January 22, 2008

Raising awareness of women's issues

Shabana Azmi appeared yesterday at an event in Mumbai with her mother, along with other filmi mother-daughter pairs like Hema Malini and Esha Deol (Sharmila Tagore was there too but Soha Ali Khan couldn't make it), raising awareness of a variety of women's issues. The Times of India reports that Shabana ji "spoke about the need to spread awareness about women not being the determinant of a child’s sex."

Those of you who saw Shyam Benegal's film Hari-bhari might remember that this was an issue for Shabana ji's character in that film. Her doctor explained to her that her failure to conceive a son was due to her husband's contribution and suggested that he be tested. This notion enraged her husband and he threw her out of his house. It is still the case that many people are unaware of this scientific fact, and in communities in which sons are treasured and daughters deplored, women can find themselves ostracized and abused on the assumption that the failure to produce sons lies with them alone.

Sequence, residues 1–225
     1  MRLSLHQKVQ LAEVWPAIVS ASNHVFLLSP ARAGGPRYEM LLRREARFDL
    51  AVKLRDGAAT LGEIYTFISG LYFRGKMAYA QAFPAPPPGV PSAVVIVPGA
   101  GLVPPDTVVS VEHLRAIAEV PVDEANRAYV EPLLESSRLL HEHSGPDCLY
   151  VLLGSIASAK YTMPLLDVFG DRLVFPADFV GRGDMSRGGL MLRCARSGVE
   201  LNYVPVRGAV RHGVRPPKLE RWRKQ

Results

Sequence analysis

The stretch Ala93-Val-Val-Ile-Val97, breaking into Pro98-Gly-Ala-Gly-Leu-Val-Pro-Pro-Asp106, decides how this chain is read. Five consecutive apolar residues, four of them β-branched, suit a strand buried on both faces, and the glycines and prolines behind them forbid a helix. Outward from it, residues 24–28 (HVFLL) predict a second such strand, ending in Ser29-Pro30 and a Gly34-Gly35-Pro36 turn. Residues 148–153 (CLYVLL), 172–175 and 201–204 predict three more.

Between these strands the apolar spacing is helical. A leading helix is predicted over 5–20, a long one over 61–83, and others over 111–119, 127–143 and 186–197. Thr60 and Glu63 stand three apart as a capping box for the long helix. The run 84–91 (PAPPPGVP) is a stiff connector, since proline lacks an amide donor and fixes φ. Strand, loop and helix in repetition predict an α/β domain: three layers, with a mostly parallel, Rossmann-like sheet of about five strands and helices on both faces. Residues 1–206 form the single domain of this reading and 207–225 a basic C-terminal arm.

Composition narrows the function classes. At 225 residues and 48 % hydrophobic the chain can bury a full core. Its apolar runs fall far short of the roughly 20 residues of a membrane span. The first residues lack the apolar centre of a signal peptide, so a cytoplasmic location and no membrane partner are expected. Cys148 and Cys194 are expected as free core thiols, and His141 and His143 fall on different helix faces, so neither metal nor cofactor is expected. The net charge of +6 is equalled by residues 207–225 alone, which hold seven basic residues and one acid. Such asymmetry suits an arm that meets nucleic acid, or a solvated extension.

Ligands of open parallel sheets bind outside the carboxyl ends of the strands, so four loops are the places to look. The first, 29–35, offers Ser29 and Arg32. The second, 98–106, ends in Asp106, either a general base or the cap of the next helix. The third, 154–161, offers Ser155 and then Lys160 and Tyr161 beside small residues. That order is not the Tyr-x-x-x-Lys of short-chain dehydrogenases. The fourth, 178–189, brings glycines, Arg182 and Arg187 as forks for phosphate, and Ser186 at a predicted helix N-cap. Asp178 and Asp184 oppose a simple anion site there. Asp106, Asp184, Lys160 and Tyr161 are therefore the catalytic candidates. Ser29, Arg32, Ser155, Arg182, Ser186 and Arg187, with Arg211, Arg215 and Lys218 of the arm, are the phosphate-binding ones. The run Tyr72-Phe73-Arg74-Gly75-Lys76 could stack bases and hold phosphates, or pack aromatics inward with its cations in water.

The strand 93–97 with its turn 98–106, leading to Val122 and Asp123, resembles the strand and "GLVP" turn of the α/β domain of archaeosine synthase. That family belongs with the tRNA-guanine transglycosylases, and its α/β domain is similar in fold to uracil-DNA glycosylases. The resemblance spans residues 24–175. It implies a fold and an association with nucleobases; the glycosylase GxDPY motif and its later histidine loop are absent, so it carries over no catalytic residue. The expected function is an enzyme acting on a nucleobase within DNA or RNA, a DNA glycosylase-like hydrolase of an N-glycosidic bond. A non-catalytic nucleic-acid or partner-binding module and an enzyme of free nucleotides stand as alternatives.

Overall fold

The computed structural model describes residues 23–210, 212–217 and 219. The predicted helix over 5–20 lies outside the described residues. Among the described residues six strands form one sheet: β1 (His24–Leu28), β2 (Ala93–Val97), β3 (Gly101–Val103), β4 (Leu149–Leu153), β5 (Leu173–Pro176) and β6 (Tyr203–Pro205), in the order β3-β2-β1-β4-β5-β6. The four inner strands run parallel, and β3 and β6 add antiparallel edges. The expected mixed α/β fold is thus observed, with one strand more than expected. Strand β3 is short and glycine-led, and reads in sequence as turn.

There are two problematic lines of thinking here: first, the premise that girl children are not to be valued as highly as boys, and second, even if sons are desired, that women should be castigated for bearing only daughters when the biological fact is that the male contribution determines the child's sex. Changing both of these attitudes is high on Shabana ji's list of causes near to her heart.

ETA: dormeg at the BollyWHAT? forums found this picture from the event at bollyworld.com - Esha, Shabana, Shaukat, and Hema:

1 comment:

Daddy's Girl said...

Interesting. This is a big (though rapidly diminishing, thank goodness) issue in my part of the world as well, with some men marrying additional wives or having affairs in order to have sons. And strangely, the cultural belief that the woman determines the sex of the child is one held even by the educated, by people who know enough basic biology to realise that it simply isn't true. When my mother had my brother, the lady in the hospital bed next to hers had a girl. This lady's husband, an England-trained medical doctor, took one look at his beautiful baby girl, gave his exhausted wife a caustic lecture about how terrible it was that she couldn't have had a boy (like my mother did), then stormed out. Happily, today, he is extremely close to his daughter and has apologised to his wife. His initial reaction shows just how deeply ingrained these attitudes can be, though.